Right at the heels of Aly Raisman speaking out against body shaming on Twitter, a new hashtag is encouraging people to share the first time they heard something negative about their bodies. Sally Bergesen, founder and CEO of a sportswear company called Oiselle, started the trend by sharing a story of her own using the hashtag #theysaid.
"Keep eating like that and you're going to be a butterball." My Dad when I was 12. Pls RT and share a body shaming comment. #TheySaid
— Sally Bergesen (@oiselle_sally) May 25, 2017
"'Keep eating like that and you're going to be a butterball.' My Dad when I was 12," she said. "Pls RT and share a body shaming comment."
Bergesen was hoping to start a conversation about how traumatizing and humiliating body-shaming can be, but she had no idea how quickly the hashtag would take off.
Twitter users across the country began sharing their own #theysaid stories—opening up about the first time they were criticized for their size, shape, diet, lifestyle, and more.
— Coco Renato (@coco_renato) May 25, 2017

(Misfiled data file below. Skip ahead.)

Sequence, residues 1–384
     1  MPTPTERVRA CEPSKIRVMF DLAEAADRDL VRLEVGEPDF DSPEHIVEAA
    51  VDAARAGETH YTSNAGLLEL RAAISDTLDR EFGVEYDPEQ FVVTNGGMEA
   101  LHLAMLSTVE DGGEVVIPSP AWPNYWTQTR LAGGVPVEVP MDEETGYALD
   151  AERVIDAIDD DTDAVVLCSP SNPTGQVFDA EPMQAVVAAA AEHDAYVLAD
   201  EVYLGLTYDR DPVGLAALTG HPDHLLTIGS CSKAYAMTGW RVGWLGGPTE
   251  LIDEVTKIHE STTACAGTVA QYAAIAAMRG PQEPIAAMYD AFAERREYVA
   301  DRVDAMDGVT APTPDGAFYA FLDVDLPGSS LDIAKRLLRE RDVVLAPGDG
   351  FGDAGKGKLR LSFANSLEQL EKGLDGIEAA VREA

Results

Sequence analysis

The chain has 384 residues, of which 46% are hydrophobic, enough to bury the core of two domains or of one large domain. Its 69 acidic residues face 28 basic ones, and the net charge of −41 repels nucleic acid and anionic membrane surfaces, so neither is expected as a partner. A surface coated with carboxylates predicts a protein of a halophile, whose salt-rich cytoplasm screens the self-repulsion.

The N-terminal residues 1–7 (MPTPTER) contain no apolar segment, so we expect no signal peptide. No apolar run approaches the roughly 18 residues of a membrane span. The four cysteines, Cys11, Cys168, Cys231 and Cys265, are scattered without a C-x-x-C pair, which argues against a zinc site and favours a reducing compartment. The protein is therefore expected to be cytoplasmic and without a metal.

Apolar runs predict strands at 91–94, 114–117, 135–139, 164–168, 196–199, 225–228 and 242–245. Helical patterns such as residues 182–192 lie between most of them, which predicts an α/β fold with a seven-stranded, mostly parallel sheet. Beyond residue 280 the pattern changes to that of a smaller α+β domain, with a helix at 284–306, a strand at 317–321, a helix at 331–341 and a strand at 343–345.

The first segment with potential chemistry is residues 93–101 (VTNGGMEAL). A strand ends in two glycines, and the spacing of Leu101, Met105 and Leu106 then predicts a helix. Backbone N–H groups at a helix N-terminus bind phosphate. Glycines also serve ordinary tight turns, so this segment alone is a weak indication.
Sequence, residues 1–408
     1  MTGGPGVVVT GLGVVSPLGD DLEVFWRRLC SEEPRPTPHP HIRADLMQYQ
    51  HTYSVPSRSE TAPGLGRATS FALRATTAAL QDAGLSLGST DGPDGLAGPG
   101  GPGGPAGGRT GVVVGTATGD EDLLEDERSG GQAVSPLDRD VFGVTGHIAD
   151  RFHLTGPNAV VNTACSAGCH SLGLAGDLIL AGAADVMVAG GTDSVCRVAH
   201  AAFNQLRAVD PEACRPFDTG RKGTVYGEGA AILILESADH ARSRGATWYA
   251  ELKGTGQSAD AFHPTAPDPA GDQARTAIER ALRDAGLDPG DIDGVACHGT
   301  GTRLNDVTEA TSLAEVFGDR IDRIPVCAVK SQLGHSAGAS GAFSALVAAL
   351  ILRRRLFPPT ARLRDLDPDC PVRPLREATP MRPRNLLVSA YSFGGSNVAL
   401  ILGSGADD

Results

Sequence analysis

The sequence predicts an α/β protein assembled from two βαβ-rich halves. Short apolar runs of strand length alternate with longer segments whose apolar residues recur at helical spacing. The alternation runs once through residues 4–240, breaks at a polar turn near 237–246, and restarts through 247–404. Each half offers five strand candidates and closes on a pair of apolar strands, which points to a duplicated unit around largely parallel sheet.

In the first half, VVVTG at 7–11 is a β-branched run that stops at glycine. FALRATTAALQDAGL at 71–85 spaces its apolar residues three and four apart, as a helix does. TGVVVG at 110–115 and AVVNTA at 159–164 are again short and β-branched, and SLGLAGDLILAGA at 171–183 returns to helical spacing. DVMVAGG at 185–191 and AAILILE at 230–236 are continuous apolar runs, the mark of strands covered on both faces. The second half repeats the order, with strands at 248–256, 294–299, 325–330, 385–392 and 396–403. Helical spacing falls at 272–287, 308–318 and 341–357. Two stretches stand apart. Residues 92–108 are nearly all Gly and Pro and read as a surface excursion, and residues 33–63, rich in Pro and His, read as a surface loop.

— Anna Casto (@RunPipetRepeat) May 25, 2017
— Jen Hawley Price (@PhilanthropyInk) May 25, 2017
— The Nashvillian (@TheNashvillian) May 25, 2017
Several people were grateful that the hashtag provided a platform to share these kinds of stories—letting them know that they're not alone.
Check out #TheySaid to realize 1)you're not alone; 2)body-shaming comments last forever; 3)why unhealthy food relationships are developed.
— Sarah Overpeck (@smoverpeck) May 25, 2017
— Kate Sheppard (@k8shep) May 25, 2017
— Krysta (@ktaninpdx) May 25, 2017
— Amelia Boone (@ameliaboone) May 25, 2017
Bergesen has since followed up on all the tweets, advising people on how to respond to these body-shaming comments. "What replies can we arm our girls with?" she wrote. "I'll start: 'Actually, all bodies are different and I'm just right for me,'" she tweeted. As an alternative, Bergesen suggested: "'Thanks for objectifying me, a–hole.'"